Schroders said in a statement to the market on November 23: “Following a formal tender process led by the audit and risk committee, the board has approved the appointment of Ernst & Young LLP as auditor for the financial year commencing 1 January 2018.”
PwC will stay on as auditor for the 2016 and 2017 financial years, the firm said.
The appointment marks the end of a long-running saga that began in 2013 when the UK’s Competition Commission published a report into the competitiveness of the audit market for large firms.
It criticised firms for keeping the same auditors for multiple decades and said companies must re-tender audit services at least once every 10 years. Corporate governance hawks worry that audit firms can struggle to deliver truly independent advice if they work for the same firm for too long.
The same year, Schroders announced plans to replace PwC with KPMG. But that appointment ran into the sand when KPMG was found to be doing other work for Schroders which would affect its independence; so PwC stayed on.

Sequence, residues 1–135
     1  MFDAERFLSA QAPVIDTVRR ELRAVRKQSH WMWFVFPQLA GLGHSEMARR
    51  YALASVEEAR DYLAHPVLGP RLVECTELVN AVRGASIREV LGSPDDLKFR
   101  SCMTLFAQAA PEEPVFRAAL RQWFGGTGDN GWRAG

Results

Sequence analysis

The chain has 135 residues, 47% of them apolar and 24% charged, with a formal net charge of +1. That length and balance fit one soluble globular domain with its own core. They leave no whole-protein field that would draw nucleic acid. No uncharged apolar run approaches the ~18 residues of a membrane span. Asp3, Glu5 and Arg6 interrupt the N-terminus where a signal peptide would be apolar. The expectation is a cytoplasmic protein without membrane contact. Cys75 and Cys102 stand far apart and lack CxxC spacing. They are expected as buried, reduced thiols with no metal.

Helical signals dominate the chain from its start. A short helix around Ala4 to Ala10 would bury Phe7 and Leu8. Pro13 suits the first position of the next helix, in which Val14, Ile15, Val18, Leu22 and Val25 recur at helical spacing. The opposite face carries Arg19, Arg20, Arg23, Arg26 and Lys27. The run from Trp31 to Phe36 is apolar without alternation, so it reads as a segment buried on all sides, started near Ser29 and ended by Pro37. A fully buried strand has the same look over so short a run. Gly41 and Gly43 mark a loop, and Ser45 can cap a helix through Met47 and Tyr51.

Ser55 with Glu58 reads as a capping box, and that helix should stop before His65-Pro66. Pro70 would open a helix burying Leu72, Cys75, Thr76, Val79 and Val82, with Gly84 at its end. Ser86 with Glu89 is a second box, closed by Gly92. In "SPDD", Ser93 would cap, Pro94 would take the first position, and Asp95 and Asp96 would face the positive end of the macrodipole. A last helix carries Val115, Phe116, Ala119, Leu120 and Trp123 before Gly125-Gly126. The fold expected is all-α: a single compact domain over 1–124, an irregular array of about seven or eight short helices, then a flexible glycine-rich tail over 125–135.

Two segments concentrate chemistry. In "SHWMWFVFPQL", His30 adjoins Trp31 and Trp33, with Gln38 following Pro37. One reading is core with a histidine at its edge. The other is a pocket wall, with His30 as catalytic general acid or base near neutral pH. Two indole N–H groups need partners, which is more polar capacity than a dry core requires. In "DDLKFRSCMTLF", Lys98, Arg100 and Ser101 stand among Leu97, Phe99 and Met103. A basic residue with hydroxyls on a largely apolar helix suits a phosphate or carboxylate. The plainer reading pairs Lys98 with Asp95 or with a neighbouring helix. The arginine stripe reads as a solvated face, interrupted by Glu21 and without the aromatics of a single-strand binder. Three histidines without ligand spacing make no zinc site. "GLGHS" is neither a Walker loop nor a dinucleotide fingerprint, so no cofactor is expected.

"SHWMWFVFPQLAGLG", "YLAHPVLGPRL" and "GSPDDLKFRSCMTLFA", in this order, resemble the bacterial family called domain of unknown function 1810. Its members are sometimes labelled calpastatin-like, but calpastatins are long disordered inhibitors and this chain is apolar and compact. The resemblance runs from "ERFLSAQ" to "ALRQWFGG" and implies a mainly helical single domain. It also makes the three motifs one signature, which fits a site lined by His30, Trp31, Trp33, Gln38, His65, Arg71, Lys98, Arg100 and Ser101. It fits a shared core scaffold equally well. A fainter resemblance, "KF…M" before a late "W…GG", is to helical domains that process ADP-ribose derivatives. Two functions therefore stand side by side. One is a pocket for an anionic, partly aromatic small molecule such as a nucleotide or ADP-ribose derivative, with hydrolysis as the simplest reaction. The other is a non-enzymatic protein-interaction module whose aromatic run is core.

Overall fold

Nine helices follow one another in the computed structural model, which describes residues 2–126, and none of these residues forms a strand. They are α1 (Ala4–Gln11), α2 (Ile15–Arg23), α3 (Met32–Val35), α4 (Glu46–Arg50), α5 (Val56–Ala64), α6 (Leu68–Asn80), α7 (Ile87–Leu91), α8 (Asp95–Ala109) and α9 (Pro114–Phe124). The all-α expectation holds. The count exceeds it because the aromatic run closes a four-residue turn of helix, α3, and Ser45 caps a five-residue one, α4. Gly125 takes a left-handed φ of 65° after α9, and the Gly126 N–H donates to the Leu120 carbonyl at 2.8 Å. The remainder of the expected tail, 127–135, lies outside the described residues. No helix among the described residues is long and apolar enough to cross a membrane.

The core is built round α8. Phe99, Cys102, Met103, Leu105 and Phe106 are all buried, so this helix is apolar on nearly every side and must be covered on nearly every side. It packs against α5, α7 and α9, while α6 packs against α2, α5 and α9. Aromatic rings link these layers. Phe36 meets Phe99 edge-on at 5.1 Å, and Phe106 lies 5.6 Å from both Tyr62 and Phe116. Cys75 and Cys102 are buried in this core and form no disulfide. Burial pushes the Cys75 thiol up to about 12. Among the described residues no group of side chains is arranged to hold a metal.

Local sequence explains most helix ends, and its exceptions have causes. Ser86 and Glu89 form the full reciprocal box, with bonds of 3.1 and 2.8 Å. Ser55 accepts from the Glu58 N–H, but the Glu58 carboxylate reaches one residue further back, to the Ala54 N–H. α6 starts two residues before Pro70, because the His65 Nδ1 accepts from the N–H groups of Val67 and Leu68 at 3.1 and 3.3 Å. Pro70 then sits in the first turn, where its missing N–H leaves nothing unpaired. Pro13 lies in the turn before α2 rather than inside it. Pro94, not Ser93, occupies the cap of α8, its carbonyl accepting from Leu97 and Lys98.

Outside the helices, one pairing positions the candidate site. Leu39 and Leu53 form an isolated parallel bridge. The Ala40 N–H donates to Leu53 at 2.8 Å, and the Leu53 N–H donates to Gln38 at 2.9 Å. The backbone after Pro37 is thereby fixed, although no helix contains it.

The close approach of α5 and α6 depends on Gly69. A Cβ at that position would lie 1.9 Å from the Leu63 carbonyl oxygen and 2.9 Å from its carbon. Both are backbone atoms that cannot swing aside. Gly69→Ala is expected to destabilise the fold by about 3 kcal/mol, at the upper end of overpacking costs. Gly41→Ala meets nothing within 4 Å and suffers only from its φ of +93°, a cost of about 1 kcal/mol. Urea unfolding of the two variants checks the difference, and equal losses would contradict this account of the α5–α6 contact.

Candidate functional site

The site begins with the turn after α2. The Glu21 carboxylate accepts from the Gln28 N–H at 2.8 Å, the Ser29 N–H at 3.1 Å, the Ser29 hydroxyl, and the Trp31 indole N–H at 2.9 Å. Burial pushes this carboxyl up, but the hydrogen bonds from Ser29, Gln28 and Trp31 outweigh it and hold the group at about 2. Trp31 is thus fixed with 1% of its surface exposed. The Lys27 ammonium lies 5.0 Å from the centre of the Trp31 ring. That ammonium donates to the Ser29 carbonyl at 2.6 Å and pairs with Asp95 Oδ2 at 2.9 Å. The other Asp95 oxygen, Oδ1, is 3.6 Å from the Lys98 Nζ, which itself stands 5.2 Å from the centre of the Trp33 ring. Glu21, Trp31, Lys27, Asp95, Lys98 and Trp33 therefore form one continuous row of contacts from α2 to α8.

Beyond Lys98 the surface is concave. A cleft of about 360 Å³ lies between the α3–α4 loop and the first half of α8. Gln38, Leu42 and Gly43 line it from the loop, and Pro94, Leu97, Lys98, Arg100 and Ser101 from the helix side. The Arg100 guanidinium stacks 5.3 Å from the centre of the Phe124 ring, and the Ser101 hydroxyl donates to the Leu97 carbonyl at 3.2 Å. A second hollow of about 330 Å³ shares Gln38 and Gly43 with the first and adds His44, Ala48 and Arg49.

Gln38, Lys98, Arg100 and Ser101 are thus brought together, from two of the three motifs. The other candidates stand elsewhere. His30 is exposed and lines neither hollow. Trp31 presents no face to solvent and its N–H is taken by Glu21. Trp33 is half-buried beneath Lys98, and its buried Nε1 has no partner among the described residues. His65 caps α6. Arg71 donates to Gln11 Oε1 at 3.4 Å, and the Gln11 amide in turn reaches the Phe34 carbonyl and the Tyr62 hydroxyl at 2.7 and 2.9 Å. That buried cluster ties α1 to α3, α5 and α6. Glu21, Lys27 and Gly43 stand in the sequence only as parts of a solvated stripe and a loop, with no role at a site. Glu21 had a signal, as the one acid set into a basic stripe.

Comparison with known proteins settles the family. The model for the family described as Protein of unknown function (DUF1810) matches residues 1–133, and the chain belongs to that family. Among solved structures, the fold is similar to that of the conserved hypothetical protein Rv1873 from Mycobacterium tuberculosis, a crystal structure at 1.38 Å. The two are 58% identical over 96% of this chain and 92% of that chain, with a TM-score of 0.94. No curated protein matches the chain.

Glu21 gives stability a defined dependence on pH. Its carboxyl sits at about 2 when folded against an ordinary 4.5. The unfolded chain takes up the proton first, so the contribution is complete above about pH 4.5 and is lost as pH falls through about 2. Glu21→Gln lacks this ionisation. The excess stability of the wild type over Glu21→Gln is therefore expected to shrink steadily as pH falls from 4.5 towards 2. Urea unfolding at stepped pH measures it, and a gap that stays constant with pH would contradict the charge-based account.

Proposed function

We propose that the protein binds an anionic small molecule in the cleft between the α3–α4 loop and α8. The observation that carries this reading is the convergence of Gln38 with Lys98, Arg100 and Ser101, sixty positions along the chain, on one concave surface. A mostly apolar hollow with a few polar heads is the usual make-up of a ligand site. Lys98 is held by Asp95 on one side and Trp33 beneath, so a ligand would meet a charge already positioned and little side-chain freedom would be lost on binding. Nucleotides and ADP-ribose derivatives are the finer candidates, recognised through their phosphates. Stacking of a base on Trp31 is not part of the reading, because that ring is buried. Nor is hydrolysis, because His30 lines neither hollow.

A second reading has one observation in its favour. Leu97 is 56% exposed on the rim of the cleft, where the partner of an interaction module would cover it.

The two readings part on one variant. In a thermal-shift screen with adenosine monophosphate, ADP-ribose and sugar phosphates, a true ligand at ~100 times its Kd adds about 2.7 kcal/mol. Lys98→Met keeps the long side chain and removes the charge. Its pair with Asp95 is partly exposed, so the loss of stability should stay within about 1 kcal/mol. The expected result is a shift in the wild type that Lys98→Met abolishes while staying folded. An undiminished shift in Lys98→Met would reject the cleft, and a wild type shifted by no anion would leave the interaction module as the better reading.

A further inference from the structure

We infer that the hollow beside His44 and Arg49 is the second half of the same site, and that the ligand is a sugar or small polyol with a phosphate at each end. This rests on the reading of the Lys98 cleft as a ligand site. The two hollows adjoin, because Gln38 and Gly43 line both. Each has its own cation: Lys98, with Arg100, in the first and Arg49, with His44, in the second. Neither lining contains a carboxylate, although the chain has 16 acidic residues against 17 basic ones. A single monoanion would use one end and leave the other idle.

In March this year Schroders said it would re-tender for its auditor once again.
EY said the appointment was a fillip for its financial services audit practice, led by Omar Ali. He said in a statement this morning: “We are proud of the vital role our profession plays in the functioning of the world’s capital markets … and we are well-positioned to serve companies like Schroders.”
EY said Schroders capped a run of recent wins for the firm, including Royal Dutch Shell, Royal Bank of Scotland, Sainsbury’s, the London Stock Exchange Group and the BBC.
At Schroders’ general shareholder meetings in 2014 and 2015, around 2.9% of the firm’s shareholders voted against PwC’s reappointment, making it one of the most-opposed resolutions on the ballot.
At this year’s AGM, following Schroders’ announcement in March it would be looking for a new auditor, the opposition dropped dramatically to just 0.09%.